Making the Electric Vehicles (EV) dream possible for India.

ELECTRIC VEHICLES

Making the Electric Vehicles (EV) dream possible for India

 Dr. Rahul Walawalkar, Executive Director, India Energy Storage Alliance (IESA)

Given the current circumstances and progress speed, we might not be able to achieve 100% EV transition by 2030 as originally suggested. But, once we are able to put a rein on the herculean challenges that stand in the way of making the EV dream possible for India we will be able to make a significant shift towards the clean energy mobility. Time for this transition is now if India has to also benefit from the manufacturing opportunities associated with this transition

India has a significant market potential for Electric Vehicles (EVs). Although we are still in the infancy of adoption of EVs, with the changes in the technology landscape as well as clear vision set by the Indian government, IESA estimates that over 7 crore EVscould be sold in India till 2030.This transition of transportation sector from petroleum based internal combustion engines (ICEs) to EVs, would create a market of 750 GWh of advanced energy storage solutions over the next decade. The electrification of transport sector presents a huge opportunity for cleaning up the air quality and also improve national energy security by reducing petroleum import dependence. Given the domestic demand as well as export potential, India has an opportunity for becoming a global hub for R&D and manufacturing while achieving this transition.

The Government of India has laid downits plans and NITI Aayog is currently finalizing national EV policy for making this dream a reality. State Governmentslike Karnataka and Maharashtra havemade a promising move by announcing their own policies to promote the development of Electric Mobility Infrastructure and providing incentives for manufacturing of EVs and energy storage.Although, currently consumers have very limited choices on EVs in India, Indian automobile sector leaders havealready showcased their upcoming EVs which can hit the roads very soon. Procurement of 10,000 EVs by EESL as well as electric buses by state transportation departments is sending the right signals to manufacturers to invest in building the manufacturing base. The whole scenario seems very promising with the proactive contributions from all stakeholders, but there are still miles before the final destination.

Making electric mobility mainstream is not just required to combat the immediate issues caused by the automotive emissions, but it can also aid the transition of electric grid from thermal power generation to a larger share of renewable electricity in the supply mix.What is exciting is that in recent years, both solar and energy storage technologies have demonstrated significant cost reduction, so we are now on a natural path whereEVs can also become cost competitive in terms of upfront capital with ICE vehicles with in next 5-7 years.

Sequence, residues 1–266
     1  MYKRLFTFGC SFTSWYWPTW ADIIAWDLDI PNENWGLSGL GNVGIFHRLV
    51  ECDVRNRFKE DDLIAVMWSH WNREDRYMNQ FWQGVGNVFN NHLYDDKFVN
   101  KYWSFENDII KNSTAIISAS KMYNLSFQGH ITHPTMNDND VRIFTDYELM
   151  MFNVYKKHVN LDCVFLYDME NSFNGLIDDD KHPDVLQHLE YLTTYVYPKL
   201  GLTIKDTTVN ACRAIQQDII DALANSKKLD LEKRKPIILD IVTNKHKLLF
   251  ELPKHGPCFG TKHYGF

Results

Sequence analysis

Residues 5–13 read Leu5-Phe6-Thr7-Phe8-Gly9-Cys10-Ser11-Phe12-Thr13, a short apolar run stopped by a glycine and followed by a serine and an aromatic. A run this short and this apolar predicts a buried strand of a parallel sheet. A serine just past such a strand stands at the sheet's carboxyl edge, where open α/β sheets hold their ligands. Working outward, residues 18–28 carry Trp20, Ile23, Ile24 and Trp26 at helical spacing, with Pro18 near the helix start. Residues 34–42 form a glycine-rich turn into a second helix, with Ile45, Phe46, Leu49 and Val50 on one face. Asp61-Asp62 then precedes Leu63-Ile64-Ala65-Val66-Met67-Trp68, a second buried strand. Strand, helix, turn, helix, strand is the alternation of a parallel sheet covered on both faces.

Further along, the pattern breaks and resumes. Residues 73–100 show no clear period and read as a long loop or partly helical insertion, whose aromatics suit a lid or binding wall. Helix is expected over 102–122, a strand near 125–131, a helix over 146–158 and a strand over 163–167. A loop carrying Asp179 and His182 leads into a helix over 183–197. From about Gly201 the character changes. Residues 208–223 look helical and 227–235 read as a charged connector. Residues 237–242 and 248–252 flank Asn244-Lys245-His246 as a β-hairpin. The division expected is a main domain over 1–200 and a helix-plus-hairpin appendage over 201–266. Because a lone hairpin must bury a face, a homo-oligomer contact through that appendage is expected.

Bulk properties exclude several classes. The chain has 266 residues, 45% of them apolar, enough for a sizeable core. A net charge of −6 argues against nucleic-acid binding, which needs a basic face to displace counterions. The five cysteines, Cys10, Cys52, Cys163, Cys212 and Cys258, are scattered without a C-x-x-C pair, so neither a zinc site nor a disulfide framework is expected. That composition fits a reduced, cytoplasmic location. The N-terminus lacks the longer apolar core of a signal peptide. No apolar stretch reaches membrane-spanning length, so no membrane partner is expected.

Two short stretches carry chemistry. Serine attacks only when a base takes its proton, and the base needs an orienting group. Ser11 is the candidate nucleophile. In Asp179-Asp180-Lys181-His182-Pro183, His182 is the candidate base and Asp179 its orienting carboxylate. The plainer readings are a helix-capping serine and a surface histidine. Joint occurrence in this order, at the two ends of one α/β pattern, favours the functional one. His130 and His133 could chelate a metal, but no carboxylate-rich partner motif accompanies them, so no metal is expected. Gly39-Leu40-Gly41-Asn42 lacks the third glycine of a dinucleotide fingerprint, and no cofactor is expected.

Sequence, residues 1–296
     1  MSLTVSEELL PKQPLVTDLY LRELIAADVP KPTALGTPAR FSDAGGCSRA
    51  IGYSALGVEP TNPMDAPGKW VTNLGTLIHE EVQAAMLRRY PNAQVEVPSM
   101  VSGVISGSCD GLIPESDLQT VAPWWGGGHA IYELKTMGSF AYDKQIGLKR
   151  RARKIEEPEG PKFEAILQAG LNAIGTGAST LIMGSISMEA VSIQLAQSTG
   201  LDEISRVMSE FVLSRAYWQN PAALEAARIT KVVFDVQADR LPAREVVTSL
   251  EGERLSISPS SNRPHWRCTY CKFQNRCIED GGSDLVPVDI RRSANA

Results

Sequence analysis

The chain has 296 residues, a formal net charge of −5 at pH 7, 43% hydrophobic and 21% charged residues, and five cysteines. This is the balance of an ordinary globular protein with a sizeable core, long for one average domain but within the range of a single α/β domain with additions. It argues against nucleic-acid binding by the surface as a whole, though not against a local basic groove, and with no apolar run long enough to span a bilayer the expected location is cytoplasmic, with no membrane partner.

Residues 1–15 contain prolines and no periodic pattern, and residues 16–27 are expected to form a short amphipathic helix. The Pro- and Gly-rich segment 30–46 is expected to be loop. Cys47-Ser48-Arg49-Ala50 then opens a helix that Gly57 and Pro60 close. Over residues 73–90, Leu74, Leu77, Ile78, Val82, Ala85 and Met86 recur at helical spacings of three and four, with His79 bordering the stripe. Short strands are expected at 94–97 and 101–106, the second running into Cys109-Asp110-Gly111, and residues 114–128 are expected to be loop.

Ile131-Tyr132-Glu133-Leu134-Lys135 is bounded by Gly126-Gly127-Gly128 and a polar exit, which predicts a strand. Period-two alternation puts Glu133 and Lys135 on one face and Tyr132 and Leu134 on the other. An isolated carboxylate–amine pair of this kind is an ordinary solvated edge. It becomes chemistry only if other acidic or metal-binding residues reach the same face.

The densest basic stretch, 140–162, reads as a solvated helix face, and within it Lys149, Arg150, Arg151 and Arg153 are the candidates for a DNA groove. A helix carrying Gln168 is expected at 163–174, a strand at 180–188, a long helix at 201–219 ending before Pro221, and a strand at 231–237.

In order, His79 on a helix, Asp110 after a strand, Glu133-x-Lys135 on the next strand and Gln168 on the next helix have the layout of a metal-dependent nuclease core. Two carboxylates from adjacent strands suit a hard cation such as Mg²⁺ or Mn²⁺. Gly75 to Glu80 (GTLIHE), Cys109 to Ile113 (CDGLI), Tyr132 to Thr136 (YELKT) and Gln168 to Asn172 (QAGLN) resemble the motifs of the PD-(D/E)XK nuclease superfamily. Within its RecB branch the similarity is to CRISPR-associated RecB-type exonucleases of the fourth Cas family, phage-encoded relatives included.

Though the journey has begun on a positive note, there is a lot of ground work that needs to be laid down before this dream starts to take shape. Before the electric vehicles actually hit the road in numbersit is important that we sort out the most vital aspect ‘Energy Storage and Distribution Infrastructure’. Since the time the EV Policy of the Govt. has been proposed the industry has voiced its concern over two very major requirements –need to continue to reduce the cost of key components includingLithium-ion batteries and creation of a robust charging infrastructure.

Advanced energy storage technology costs are falling faster than that of solar cost reduction. In past decade, the Li-ion cell prices have fallen more than 80% -90 %. There is still further 20% - 30% cost reduction anticipated in next 3to 5 years. Key reason for this rapid cost reduction include technology improvements as well as scaling up of giga factories for Li-Ion batteries.  The new projected Li-ion battery manufacturing capacity around the globe for 2020 is now over 400 GWh based on latest projections by IESA research. India needs to target at least 5-10 GWh of manufacturing by 2020 and 50 GWh by 2025 for helping drive down the costs further and for national energy security.